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Reliques of Ancient English Poetry: Consisting of Old Heroic Ballads, Songs ...
Thomas Percy,Henry Benjamin Wheatley
Visualització completa - 1891
Reliques of Ancient English Poetry: Consisting of Old Heroic ..., Volum 2
Visualització completa - 1886
Reliques of Ancient English Poetry: Consisting of Old Heroic ..., Volum 1
Visualització completa - 1887
alliteration ancient appears arms ballad beauty Bessee brave called cause copy death doth downe Earl edition Edward England English entitled eyes face faire fall father fear fight folio gallant give given gold grace hand hast hath head heare heart heire Henry John kind king knight lady land late light lines Linne live London look Lord metre mind never noble play poem poets poor pray present prince printed probably queene quoth rest sayd Scotland Scots seems seen shee song soon speake stand stanza sweet tanner tell thay thee ther thing thinke Thomas thou thought took true unto verse wold writer written young
Pàgina 335 - You meaner beauties of the night, That poorly satisfy our eyes More by your number than your light ; You common people of the skies ; What are you when the moon shall rise?
Pàgina 339 - With a new-fashion'd hall, built where the old one stood, Hung round with new pictures that do the poor no good ; With a fine marble chimney, wherein burns neither coal nor wood, And a new smooth shovel-board, whereon no victuals ne'er stood ; Like a young courtier, &c. With a new study stuft full of pamphlets and plays...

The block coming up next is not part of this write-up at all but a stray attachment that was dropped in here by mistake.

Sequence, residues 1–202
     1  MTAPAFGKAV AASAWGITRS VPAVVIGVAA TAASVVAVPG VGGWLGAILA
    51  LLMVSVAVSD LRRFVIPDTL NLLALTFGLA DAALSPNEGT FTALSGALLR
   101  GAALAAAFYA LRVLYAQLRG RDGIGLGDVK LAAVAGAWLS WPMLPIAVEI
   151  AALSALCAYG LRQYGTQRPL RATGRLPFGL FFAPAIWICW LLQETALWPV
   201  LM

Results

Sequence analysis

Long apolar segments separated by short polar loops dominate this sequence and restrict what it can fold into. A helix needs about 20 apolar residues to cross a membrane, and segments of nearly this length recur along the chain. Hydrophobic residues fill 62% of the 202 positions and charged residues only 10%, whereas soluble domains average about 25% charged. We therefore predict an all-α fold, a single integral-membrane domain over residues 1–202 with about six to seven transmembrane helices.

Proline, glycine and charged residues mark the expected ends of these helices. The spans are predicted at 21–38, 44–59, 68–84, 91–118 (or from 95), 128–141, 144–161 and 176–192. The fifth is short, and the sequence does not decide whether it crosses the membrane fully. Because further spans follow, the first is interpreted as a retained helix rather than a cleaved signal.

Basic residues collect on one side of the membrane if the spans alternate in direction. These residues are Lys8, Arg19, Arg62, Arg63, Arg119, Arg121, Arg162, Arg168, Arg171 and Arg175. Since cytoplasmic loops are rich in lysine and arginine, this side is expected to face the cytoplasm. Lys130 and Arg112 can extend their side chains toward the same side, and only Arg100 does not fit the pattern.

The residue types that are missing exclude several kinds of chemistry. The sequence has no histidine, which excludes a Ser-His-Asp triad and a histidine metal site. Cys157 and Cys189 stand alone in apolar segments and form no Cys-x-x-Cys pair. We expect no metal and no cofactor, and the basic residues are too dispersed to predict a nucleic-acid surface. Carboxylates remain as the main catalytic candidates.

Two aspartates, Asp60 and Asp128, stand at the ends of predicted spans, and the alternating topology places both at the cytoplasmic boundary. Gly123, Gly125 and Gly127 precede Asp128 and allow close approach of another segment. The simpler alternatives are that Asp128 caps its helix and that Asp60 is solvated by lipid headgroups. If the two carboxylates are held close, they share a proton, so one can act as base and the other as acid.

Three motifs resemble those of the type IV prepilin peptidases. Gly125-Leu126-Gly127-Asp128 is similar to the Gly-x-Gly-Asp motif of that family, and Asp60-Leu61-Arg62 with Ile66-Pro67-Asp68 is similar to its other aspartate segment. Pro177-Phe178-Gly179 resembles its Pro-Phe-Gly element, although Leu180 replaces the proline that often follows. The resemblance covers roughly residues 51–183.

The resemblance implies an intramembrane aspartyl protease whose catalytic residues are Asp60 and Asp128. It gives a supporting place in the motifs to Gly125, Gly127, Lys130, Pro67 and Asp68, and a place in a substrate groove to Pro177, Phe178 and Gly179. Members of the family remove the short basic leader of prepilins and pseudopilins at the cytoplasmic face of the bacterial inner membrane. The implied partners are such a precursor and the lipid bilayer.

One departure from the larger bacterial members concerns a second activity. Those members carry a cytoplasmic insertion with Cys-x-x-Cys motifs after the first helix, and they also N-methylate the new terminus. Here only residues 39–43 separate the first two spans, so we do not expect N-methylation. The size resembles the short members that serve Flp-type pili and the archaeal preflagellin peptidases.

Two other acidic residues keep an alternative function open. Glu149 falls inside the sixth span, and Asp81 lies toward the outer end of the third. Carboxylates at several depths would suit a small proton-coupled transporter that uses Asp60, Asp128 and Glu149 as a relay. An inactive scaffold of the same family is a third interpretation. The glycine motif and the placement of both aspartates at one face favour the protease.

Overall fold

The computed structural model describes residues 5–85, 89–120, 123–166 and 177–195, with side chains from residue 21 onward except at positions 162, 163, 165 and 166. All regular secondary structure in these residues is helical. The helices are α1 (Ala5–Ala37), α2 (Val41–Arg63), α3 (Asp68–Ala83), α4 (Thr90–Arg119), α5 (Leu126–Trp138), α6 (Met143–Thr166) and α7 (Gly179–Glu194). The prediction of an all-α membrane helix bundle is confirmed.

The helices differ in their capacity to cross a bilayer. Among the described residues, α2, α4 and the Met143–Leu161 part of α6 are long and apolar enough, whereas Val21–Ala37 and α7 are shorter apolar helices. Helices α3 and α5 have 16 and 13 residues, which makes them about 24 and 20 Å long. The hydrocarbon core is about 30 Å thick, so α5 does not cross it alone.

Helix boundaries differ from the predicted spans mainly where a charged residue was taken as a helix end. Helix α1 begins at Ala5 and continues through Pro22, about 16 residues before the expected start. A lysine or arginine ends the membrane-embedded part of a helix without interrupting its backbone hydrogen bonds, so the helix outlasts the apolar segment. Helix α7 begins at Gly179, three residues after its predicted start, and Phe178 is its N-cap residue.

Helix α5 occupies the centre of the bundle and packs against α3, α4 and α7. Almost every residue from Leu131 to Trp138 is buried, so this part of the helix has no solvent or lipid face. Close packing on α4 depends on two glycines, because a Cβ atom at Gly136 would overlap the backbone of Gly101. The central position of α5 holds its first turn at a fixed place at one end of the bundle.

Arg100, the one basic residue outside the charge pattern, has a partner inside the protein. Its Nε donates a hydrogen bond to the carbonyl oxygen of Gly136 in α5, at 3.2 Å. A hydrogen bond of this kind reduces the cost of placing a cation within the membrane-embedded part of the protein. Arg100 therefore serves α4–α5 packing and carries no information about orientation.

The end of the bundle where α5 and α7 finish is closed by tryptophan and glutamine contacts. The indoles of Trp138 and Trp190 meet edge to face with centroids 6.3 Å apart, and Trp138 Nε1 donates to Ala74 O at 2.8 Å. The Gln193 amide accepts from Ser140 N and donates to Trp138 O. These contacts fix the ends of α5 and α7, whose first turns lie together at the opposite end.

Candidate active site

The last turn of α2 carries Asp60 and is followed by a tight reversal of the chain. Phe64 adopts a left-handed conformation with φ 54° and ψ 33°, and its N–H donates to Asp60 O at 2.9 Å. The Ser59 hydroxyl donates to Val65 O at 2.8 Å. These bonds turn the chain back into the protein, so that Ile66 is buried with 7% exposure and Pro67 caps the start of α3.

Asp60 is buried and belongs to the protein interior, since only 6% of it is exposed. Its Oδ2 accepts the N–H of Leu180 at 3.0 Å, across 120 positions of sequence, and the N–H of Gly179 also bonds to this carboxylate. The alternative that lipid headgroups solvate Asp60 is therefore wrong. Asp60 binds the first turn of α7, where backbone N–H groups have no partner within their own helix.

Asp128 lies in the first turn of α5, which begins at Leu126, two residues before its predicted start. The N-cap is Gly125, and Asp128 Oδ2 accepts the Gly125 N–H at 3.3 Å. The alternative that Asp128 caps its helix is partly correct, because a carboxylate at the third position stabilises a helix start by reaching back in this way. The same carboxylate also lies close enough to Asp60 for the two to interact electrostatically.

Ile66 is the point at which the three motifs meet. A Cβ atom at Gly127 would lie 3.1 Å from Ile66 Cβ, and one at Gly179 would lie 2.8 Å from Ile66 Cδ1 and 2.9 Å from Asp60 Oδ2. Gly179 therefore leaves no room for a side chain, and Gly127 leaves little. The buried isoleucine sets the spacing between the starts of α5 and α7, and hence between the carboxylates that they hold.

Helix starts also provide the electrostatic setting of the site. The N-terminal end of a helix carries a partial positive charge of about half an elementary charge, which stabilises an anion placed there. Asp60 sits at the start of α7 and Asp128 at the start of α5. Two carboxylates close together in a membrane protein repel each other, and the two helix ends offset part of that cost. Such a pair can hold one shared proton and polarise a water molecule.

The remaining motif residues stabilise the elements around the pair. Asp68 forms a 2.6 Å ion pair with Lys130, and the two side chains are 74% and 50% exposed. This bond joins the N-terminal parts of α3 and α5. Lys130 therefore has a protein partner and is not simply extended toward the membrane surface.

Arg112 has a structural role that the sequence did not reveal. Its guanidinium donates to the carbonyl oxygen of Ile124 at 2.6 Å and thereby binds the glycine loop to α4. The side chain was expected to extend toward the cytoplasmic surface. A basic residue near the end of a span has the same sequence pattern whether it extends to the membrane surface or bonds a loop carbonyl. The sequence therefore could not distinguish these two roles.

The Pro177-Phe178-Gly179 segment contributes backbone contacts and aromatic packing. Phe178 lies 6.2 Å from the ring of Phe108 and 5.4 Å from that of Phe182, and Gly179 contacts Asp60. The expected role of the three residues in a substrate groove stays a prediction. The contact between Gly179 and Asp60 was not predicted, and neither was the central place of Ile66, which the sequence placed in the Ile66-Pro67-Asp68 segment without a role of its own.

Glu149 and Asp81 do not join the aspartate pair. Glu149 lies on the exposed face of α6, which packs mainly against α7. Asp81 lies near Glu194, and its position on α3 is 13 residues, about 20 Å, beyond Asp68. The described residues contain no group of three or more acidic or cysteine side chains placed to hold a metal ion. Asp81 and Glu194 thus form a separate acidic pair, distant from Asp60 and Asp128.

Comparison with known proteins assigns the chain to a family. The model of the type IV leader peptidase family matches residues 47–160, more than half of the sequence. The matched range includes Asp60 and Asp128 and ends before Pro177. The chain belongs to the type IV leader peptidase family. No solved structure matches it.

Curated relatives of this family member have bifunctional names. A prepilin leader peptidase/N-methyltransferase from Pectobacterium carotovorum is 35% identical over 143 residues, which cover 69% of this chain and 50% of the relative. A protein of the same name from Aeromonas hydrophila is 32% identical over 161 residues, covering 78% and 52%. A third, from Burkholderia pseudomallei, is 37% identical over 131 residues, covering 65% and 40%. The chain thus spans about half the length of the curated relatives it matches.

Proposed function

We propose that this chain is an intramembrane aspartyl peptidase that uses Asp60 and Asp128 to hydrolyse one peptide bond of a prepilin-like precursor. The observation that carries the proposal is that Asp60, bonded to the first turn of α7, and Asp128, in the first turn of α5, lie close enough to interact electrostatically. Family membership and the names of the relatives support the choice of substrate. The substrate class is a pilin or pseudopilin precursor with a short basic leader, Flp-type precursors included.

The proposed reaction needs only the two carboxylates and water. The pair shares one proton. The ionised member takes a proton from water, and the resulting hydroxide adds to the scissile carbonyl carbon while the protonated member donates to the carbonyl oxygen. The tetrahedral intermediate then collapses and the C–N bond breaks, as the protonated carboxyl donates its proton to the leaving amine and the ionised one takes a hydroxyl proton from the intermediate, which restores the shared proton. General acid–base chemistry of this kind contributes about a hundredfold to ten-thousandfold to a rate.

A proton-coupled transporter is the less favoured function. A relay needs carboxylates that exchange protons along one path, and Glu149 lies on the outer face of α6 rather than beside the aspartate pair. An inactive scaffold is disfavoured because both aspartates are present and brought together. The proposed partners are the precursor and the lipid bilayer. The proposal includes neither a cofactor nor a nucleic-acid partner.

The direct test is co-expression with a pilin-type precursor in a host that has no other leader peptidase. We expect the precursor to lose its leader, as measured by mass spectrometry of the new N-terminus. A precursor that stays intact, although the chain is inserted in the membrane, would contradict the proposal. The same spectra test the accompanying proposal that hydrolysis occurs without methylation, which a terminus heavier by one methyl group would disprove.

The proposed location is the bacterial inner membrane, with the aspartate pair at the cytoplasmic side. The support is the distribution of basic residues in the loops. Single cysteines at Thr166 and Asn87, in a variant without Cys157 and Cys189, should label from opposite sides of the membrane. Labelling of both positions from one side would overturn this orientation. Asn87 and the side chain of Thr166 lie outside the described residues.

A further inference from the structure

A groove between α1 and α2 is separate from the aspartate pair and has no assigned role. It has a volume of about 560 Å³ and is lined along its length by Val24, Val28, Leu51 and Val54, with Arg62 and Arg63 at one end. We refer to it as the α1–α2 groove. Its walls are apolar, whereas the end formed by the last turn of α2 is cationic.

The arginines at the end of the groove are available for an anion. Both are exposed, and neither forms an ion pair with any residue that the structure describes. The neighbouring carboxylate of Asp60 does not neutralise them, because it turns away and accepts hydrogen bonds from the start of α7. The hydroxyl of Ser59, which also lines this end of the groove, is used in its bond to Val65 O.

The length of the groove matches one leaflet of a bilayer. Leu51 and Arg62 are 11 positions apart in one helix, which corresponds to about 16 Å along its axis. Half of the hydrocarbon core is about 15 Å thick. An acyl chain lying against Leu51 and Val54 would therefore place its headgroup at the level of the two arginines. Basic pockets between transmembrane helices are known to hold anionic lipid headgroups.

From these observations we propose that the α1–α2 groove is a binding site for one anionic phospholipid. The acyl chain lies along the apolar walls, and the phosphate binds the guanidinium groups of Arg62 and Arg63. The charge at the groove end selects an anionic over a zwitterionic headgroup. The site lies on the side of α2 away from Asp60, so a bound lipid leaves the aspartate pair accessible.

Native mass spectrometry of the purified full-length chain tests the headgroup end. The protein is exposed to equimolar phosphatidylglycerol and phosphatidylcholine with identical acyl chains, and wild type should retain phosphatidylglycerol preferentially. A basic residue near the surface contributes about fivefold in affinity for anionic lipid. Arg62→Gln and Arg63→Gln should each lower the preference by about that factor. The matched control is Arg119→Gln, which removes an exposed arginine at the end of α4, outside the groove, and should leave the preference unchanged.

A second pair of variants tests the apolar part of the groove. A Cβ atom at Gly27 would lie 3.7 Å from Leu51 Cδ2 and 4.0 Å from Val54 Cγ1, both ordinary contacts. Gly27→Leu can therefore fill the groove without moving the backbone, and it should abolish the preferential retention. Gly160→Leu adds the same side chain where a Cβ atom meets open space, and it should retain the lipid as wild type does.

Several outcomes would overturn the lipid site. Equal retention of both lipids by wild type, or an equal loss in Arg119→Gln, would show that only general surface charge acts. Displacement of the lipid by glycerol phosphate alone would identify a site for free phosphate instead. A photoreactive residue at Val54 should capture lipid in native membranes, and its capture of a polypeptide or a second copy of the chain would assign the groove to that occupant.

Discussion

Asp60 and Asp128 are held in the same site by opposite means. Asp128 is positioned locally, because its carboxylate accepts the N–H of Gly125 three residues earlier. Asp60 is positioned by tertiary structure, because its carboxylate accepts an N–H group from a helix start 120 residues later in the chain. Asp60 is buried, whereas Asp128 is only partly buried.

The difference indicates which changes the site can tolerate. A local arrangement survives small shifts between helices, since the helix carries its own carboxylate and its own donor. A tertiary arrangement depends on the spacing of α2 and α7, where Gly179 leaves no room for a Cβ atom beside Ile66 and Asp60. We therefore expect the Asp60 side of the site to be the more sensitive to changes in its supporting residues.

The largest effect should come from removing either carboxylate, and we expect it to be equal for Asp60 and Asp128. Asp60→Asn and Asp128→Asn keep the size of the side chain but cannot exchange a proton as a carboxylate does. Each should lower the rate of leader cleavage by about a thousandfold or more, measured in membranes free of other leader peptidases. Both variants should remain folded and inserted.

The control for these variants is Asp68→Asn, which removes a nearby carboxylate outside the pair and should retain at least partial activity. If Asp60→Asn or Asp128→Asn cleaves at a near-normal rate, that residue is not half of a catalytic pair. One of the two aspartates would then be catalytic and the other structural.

Pàgina 344 - WHEN Love with unconfined wings Hovers within my gates, And my divine Althea brings To whisper at the grates; When I lie tangled in her hair And fettered to her eye, The birds that wanton in the air Know no such liberty.
Pàgina 332 - The first is to tell him there in that stead, With his crowne of golde so fair on his head, Among all his liege-men so noble of birth, To within one penny of what he is worth. " The seconde, to tell him, without any doubt, How soone he may ride this whole world about.
Pàgina 345 - Enlarged winds, that curl the flood, Know no such liberty. Stone walls do not a prison make, Nor iron bars a cage; Minds innocent and quiet take That for an hermitage; If I have freedom in my love And in my soul am free, Angels alone, that soar above, Enjoy such liberty.
Pàgina 330 - Abbot of Canterburye ; How for his house-keeping, and high renowne, They rode poste for him to fair London towne. An hundred men, the king did heare say, The abbot kept in his house every day ; And fifty golde chaynes, without any doubt, In velvet coates waited the abbot about.
Pàgina 231 - WHEN captaines couragious, whom death cold not daunte, Did march to the siege of the citty of Gaunt, They mustred their souldiers by two and by three, And the formost in battle was Mary Ambree.
Pàgina 333 - fore our fader the pope. Now welcome, sire abbot, the king he did say, Tis well thou'rt come back to keepe thy day ; For and if thou canst answer my questions three, Thy life and thy living both saved shall bee.